Before this year’s Silicon Valley Comic Con (SVCC) – themed “The Future of Humanity: Where Will We Be in 2075?” – Apple co-founder Steve Wozniak (Woz) discussed his thoughts about the future. Woz expressed ideas on everything from future business growth and everyday life on Earth to more advanced technology and outer space.
Co-founder of Apple and the SVCC
Living in Los Altos since creating Apple with Steve Jobs in 1976, Woz has a history of accurate forecasts – he successfully predicted the invention of portable laptops in 1982. Even after departing Apple, Woz has remained a principal figure on the Silicon Valley technology scene. When he helped create the SVCC in 2016, he wanted to design something unique, beyond the traditional Comic Con comic book scene.
Woz told cnet.com: "We'll have the popular culture side of Comic Con, but we'll mix in a lot of the science and technology that's local here in Silicon Valley," he said. "It seems like [tech and geek culture are] made for each other in a lot of ways."
The conference, which ran from April 21 to 23, included robotics and virtual reality (VR) exhibits, and discussions on future technology, such as flying cars and implanting computers into people’s brains. The 2017 SVCC also hosted the 30th anniversary of Star Trek: The Next Generation, and featured appearances from actors William Shatner and John Cusack and former astronaut Buzz Aldrin.
Steve Wozniak. (Credit: Source.)
When Woz helped to found Apple, he said he believed it was a computer for the future. He still believes that today.
Woz told USA Today in an interview, "Apple will be around a long time, like IBM,” established in 1911. "Look at Apple's cash,” he said, estimated at $246.1 billion as of the last fiscal quarter. “It can invest in anything.” As for the year 2075, he added, “It would be ridiculous to not expect [Apple] to be around. The same goes for Google and Facebook."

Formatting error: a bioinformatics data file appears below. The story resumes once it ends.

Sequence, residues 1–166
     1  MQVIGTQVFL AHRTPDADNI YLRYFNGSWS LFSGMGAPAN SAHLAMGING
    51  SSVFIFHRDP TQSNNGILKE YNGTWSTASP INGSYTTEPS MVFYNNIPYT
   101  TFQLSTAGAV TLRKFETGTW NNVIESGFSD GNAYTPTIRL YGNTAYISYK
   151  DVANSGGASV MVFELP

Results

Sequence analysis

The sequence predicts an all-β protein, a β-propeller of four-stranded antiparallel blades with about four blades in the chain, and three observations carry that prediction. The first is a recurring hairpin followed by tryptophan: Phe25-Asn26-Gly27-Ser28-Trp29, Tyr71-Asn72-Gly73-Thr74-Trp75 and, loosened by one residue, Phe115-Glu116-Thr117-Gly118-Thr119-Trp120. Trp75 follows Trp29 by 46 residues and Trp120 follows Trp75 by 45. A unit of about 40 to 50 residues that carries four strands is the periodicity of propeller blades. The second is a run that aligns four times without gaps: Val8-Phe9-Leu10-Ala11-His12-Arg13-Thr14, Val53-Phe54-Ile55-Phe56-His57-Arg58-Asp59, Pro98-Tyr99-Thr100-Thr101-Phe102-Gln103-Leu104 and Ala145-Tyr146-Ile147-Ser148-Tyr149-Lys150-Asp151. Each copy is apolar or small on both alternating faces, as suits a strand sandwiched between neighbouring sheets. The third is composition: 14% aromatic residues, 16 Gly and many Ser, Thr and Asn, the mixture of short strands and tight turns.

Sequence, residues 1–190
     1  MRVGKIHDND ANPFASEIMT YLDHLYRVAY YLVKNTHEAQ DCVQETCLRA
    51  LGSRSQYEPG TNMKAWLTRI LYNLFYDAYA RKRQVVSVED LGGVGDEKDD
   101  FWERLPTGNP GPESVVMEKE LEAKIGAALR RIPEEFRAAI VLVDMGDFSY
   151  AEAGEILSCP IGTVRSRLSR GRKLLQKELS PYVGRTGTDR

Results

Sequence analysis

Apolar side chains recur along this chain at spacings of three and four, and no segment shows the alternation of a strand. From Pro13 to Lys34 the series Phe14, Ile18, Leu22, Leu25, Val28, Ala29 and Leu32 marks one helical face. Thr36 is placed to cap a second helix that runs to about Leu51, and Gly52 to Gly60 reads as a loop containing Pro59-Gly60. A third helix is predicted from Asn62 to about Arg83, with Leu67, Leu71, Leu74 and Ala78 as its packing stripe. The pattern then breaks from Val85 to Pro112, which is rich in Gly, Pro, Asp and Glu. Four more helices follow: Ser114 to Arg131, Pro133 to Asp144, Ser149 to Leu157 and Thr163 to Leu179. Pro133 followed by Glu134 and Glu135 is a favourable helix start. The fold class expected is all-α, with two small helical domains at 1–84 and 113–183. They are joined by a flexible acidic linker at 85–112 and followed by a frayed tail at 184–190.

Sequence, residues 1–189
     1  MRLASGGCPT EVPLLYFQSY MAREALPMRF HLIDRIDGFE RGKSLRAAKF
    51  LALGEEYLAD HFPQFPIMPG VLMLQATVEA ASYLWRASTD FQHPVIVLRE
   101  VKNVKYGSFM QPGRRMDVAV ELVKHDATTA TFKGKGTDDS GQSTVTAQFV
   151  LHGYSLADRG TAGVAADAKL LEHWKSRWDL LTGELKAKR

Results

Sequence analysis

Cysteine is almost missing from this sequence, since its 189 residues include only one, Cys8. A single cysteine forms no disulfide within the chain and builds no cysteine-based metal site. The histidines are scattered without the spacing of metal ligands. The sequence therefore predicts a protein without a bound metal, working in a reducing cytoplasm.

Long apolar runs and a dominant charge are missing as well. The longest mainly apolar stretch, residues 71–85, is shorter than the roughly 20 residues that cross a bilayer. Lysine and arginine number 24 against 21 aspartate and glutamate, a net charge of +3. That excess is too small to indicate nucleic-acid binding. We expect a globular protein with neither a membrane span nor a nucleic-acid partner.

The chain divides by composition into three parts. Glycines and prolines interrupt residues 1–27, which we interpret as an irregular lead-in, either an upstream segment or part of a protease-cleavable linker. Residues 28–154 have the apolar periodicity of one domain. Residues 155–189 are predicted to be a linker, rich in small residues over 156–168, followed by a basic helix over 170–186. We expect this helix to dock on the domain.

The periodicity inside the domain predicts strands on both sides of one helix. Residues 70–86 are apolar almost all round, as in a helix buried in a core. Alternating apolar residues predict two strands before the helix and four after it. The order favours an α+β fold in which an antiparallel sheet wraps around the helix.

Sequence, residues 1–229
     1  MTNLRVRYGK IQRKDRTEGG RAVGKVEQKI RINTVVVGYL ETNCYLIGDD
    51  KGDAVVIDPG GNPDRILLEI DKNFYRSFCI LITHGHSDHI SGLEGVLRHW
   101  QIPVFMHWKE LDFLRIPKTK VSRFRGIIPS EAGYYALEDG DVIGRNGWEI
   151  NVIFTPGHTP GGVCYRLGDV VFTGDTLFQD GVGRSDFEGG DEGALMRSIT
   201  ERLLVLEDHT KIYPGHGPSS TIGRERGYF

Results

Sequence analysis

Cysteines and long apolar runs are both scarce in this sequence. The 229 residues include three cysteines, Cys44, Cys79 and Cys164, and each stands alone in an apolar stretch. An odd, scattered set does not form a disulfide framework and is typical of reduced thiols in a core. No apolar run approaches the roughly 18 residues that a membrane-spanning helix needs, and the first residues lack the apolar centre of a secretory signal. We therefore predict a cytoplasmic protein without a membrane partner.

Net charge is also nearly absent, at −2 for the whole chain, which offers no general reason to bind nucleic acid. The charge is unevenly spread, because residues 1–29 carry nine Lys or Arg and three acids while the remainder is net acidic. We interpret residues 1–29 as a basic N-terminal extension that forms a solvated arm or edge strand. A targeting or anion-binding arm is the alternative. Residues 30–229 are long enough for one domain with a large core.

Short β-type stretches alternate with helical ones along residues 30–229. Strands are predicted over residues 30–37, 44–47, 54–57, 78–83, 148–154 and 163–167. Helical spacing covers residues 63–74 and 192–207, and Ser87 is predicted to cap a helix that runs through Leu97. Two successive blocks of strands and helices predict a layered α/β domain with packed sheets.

Artificial Intelligence and VR
By 2075, Woz predicts artificial intelligence (AI) and VR will dominate people’s lives. AI will allow consumers to conduct daily activities such as shopping, communication, and entertainment through smart surfaces, he said. In addition, patients will use the technology
to receive doctor-free diagnoses and prescriptions. He said, "The question will be ethical, on whether we can eliminate the need for physicians."
Likewise, Woz expressed high expectations for VR, and told cnet.com: "VR is going to be popular to everyone that tries it. And the only factors that keep you away from it are size and cost. It can eventually come down to be very convenient.” Eventually, he said, “it won't be a big heavy thing you have to wear."
New Landscape for Earth and Beyond
Woz does, however, imagine people will require special outerwear for trips outdoors in specially designed desert cities to solve future housing problems. He also envisions shuttles to transport people between dome-shaped buildings.
“Absolutely I would go,” he said.
“It'd be like discovering the new part of the world, you're the first ones there and actually setting it up!” Woz explained, “Creating a living community on Mars involves so many steps that have to work just right, that's what computer programming is like to us geeks!”
An artist's representation of a Mars metropolis. (Credit: Source.)
Wozniak is also a realist. “The energy to get to Mars... there are so many difficulties we haven't solved yet,” he said. “Will they get solved in 75 years... I don't know.”
In another dose of reality sure to disappoint many SVCC fans, Woz says he only believes in a “random chance” that people on Earth will communicate with extraterrestrial beings. "It's worth trying," he said, "but I don't have high hopes."
In the end, Woz said, the trouble with predicting the future is that it’s constantly changing. For instance, he says, "Who could have foreseen the rise of an Uber a decade ago?”
So, despite the 2017 SVCC’s futuristic theme, Woz said – as an engineer – he prefers to focus on what is possible today.
"The future is going to be filled with who knows what," Woz said. "This is how technology always goes – trying to make people into the superheroes that are in the comics."